1982: The Peace Sunday: We Have a Dream concert took place at The Rose Bowl in Pasadena, Calif., which attracted a crowd of 85,000 people. The six-hour event to promote nuclear disarmament featured artists like Tom Petty, Crosby, Stills & Nash, Bob Dylan, Stevie Nicks and Jackson Browne. It was partly broadcast on ABC Television’s Entertainment Tonight program on the same day. Here’s a clip of Bob Dylan and Joan Baez performing the Dylan tune With God On Our Side. Dylan first recorded the song for his third studio album The Times They Are a-Changin’ from January 1964.

Sources: Wikipedia; Songfacts: Music History Calendar; Songfacts; The Beatles Bible; YouTube

On This Day in Rock & Roll History: February 2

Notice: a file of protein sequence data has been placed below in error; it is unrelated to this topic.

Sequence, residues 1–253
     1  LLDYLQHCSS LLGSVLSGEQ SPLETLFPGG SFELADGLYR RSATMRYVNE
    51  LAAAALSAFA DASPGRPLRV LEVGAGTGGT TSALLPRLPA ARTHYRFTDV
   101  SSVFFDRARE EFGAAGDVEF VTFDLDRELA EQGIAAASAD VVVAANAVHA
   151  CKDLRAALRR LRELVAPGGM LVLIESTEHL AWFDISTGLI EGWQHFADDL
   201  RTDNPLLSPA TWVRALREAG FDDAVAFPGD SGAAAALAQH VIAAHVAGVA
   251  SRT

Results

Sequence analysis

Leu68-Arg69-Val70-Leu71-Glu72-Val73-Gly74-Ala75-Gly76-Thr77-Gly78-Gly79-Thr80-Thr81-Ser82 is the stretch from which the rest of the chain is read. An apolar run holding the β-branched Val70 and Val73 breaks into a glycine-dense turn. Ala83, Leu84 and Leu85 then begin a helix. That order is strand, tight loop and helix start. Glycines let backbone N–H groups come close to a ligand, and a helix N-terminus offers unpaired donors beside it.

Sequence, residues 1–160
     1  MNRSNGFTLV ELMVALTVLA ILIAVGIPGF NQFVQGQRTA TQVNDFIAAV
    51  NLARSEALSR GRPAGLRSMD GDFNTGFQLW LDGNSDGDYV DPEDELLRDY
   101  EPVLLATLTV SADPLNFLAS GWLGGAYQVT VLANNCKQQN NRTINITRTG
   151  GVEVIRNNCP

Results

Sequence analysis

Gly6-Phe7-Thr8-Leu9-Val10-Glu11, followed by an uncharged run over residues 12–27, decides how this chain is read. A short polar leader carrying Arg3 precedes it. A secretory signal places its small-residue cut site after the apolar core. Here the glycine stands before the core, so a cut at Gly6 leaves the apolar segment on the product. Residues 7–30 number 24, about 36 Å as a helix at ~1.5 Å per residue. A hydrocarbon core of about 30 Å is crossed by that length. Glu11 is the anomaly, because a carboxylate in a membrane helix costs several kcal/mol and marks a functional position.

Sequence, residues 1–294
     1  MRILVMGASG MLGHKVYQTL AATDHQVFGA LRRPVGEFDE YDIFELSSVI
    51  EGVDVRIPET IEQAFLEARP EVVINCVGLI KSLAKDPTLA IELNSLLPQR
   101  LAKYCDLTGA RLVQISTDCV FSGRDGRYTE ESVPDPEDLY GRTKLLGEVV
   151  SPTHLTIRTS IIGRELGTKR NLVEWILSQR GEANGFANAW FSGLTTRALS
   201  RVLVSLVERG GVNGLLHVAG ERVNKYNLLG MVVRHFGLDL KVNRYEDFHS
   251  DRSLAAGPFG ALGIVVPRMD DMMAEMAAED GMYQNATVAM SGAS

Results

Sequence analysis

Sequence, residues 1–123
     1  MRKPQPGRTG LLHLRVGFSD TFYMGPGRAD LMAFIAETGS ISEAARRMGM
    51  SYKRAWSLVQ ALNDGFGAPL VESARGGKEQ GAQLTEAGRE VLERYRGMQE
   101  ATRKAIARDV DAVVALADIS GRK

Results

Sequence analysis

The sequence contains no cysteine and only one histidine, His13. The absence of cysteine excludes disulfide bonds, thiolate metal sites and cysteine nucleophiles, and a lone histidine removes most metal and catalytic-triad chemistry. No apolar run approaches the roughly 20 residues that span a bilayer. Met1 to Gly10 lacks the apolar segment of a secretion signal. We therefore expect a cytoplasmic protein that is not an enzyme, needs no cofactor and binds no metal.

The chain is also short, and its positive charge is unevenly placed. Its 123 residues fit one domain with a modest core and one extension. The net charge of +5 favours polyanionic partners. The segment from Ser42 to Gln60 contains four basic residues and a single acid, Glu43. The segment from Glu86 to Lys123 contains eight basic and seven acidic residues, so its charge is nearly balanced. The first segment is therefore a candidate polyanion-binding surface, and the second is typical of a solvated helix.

February 2nd is Groundhog Day in the U.S. and Canada. BTW, I heard that this morning, the groundhog emerged from its burrow and did not see the shadow, which means an early spring! February 2nd also saw the birth of a great songwriter and vocalist, the day before the music died, a recording of a masterpiece and the release of a new album by a Southern Rock staple. Let’s get to it!

1942: Graham William Nash was born in Blackpool, England. Nash, who according to Wikipedia has been active since 1958, is best known for his vocal and songwriting contributions to The Hollies and Crosby, Stills & Nash/Crosby, Stills, Nash & Young. He was inducted into the Rock & Roll Hall of Fame as a member of both bands. Between May 1971 and April 2016, Nash has also released six solo albums. Here’s Myself At Last, a pretty tune from Nash’s most recent solo record This Path Tonight, which appeared in April 2016 and was his first new studio album in 14 years. Like all songs on that record, it was written by Nash and producer Shayne Fontayne. Nash who turned 78 today is planning to embark on a tour of the U.S. and Europe in early March. The current schedule is here. Long may you run!